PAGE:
Professional Standards

The UKFIU has published the second issue of its useful magazine SARs In Action Aug 2019. This issue provides useful information for anyone involved in the reporting of SARs. It looks at the ‘life of a SAR’, examining the whole process of what happens when a reporter has a suspicion of money laundering, the subsequent submission of that SAR to the UKFIU, the checks that the UKFIU teams then conduct, and the onward availability of that financial intelligence to law enforcement including case studies illustrating the value of SARs information.   For further useful information published by the National Crime Agency click here.

Aug 28, 2019
Professional Standards

The CCAB has published a supplementary AML Guidance for Tax Practitioners. This Guidance was approved by HM Treasury on 14 June 2019. This supplementary guidance is not standalone but should be read in conjunction with the CCAB AML Guidance for the Accountancy Sector. Who does this guidance apply to? The Money Laundering Regulations 2017 apply to a ‘tax adviser’ and defines a tax adviser as: ‘a firm or sole practitioner who by way of business provides advice about the tax affairs of other persons, when providing such services’.The meaning of ‘advice’ is widely interpreted – for example tax compliance services, i.e. assisting in the completion and submission of tax returns, are included within the term. Tax practitioners are within the scope of the Money Laundering Regulations 2017 whilst they are providing tax services by way of business. They should exercise judgement in deciding whether the provision of tax services is by way of business. If a tax practitioner decides that a service is not by way of business, they should be prepared to explain the reasons for this opinion. CCAB AML Guidance for the Accountancy Sector CCAB Supplementary AML Guidance for Tax Practitioners

Jul 17, 2019
Professional Standards

The Joint Insolvency Committee (JIC) has approved a revised version of Statement of Insolvency Practice SIP 6 which was introduced in April 2017 to coincide with the Insolvency (England and Wales) Rules 2016 and updated effective 1 January 2018. The revised version has been amended only to remove reference to England and Wales in order that the SIP will also apply to corporate insolvency procedures for Scottish registered companies following the introduction of the Insolvency (Scotland) (Company Voluntary Arrangements and Administration) Rules 2018 and the Insolvency (Scotland) (Receivership and Winding Up) Rules 2018 (the 2018 Rules). The revised SIP 6 will replace the current version of SIP 6, effective 6 April 2019. Please note that the SIP does not apply in Northern Ireland and also does not apply to Scottish registered LLPs or special insolvency regimes. SIPs 8, 10 and 12 As a consequence of the introduction of the 2018 Rules, SIP 8 (Conduct of meetings of creditors held pursuant to s98 Insolvency Act 1986), SIP 10 (Proxy forms) and SIP 12 (Records of meetings) will be withdrawn from 6 April 2019 in respect of Scottish corporate insolvency procedures. SIPs 8, 10 and 12 will remain in force in respect of Scottish LLPs and special insolvency regimes which are not covered by the introduction of 2018 Rules and remain under the Insolvency (Scotland) Rules 1986 and other secondary legislation. Effective Date:  6 April 2019.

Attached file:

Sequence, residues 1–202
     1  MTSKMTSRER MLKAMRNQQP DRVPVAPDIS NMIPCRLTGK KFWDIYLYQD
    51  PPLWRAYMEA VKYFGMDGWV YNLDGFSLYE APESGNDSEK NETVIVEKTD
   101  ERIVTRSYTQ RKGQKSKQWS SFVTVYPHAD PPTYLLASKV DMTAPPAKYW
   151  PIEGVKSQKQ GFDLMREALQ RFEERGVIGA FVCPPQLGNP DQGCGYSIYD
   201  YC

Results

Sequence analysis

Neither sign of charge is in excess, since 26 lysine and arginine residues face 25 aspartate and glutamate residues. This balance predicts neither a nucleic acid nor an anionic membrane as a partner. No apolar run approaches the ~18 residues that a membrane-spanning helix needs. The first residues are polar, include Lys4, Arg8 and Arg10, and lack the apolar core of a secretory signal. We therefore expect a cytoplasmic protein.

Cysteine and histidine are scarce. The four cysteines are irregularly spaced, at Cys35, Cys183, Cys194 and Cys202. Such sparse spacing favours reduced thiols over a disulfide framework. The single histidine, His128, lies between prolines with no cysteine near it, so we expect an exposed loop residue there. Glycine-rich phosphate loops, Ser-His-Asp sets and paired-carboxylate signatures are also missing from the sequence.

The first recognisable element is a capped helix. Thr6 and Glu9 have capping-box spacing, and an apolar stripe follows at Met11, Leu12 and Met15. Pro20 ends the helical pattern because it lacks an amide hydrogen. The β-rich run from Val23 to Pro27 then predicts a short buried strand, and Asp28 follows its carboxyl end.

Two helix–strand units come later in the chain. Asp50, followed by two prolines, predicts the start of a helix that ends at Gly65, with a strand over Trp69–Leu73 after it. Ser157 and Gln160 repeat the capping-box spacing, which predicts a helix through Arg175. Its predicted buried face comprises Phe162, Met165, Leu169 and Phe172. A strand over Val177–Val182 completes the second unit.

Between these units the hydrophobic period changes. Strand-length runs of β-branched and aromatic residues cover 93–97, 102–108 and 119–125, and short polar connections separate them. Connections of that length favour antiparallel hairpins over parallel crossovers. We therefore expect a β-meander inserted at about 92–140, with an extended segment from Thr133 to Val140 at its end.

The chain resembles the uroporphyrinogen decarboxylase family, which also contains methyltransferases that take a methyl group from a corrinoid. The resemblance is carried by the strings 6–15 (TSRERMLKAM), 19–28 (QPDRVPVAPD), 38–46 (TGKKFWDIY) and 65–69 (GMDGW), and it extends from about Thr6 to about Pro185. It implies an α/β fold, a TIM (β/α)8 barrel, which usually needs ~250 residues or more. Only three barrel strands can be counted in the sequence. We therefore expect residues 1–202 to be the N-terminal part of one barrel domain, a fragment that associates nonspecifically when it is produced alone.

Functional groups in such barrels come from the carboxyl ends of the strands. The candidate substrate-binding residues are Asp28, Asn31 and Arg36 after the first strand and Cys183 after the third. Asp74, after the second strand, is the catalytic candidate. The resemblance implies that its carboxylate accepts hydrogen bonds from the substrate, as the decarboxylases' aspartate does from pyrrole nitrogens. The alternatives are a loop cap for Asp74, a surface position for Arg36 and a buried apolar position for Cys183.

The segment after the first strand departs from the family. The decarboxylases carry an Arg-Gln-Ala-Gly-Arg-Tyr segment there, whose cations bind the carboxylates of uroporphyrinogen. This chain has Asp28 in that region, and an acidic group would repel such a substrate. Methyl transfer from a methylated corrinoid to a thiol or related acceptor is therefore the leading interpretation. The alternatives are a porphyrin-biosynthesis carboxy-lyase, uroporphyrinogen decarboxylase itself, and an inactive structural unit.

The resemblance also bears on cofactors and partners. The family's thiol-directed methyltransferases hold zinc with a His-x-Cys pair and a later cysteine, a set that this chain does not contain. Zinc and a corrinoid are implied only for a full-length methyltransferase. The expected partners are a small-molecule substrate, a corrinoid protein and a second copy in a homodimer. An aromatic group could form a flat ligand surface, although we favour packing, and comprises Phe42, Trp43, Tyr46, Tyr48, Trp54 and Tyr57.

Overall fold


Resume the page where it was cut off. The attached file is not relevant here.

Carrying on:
Mar 29, 2019
Professional Standards

All regulatory fees for 2019 are due by 15 March 2019. If you have or are having any difficulty accessing the invoice(s), please contact Sandra Smiley in Professional Standards.

Mar 08, 2019
Professional Standards

The Insolvency Service GB has issued a special edition of Dear IP concerning the introduction of the Insolvency Service’s new Case Management System (CMS). CMS is being rolled out initially to the agency’s Redundancy Payments Service (RPS), with the subsequent on boarding of its other operational areas, including the investigation & enforcement and official receiver teams, taking place within a timeframe of 12-18 months. The implementation of CMS will impact Insolvency Practitioners in two main ways. Firstly it will update and modernise the calculation of redundancy payments through automation, providing RPS with the ability to apply the latest tax and legislative rules - and any periodic changes thereto - in real time. Insolvency Practitioners and any agents they instruct to carry out redundancy payments may therefore want to study the details of the changes to redundancy payments to check that their own internal calculation models are ‘in sync’ with RPS’s, and for that reason this special edition necessarily deals with the ‘granular detail’ of the changes. To facilitate alignment going forward, the code for the calculation engine that has been developed to support and integrate with CMS has been made available as open source so that practitioners, Agents and their software providers can utilise their own version of the solution if they wish. Secondly, it has been decided to switch the RP14/A upload service away from the current RPS portal and route this process instead through the Director Conduct Return Service (DCRS). Again this will provide a more modern, more stable and more secure platform for those data transfers. As part of this change, DCRS will be re-named the Insolvency Practitioner Service (IPS). The method of uploading will not change. The only substantive change is that the DCRS platform will serve IPs for both director conduct returns and the submission of redundancy claims information, although there will be a simple, automated password re-set process to go through when users first log on to the updated service. Full instructions for using IPS will be published on the relevant GOV.UK web pages. Further information can be located  at Dear IP.